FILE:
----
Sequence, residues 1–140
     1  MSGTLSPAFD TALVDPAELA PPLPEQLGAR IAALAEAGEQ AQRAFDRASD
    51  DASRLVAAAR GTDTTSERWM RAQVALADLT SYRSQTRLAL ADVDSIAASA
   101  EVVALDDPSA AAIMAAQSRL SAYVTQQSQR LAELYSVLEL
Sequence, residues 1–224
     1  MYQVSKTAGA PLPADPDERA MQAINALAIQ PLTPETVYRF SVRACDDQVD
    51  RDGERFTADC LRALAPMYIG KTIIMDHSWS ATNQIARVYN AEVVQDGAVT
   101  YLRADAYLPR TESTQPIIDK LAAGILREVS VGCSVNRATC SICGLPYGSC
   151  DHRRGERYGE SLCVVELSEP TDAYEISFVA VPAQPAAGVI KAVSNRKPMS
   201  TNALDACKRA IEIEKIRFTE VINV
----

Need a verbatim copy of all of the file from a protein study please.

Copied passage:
Sequence, residues 1–140
     1  MSGTLSPAFD TALVDPAELA PPLPEQLGAR IAALAEAGEQ AQRAFDRASD
    51  DASRLVAAAR GTDTTSERWM RAQVALADLT SYRSQTRLAL ADVDSIAASA
   101  EVVALDDPSA AAIMAAQSRL SAYVTQQSQR LAELYSVLEL
Sequence, residues 1–224
     1  MYQVSKTAGA PLPADPDERA MQAINALAIQ PLTPETVYRF SVRACDDQVD
    51  RDGERFTADC LRALAPMYIG KTIIMDHSWS ATNQIARVYN AEVVQDGAVT
   101  YLRADAYLPR TESTQPIIDK LAAGILREVS VGCSVNRATC SICGLPYGSC
   151  DHRRGERYGE SLCVVELSEP TDAYEISFVA VPAQPAAGVI KAVSNRKPMS
   201  TNALDACKRA IEIEKIRFTE VINV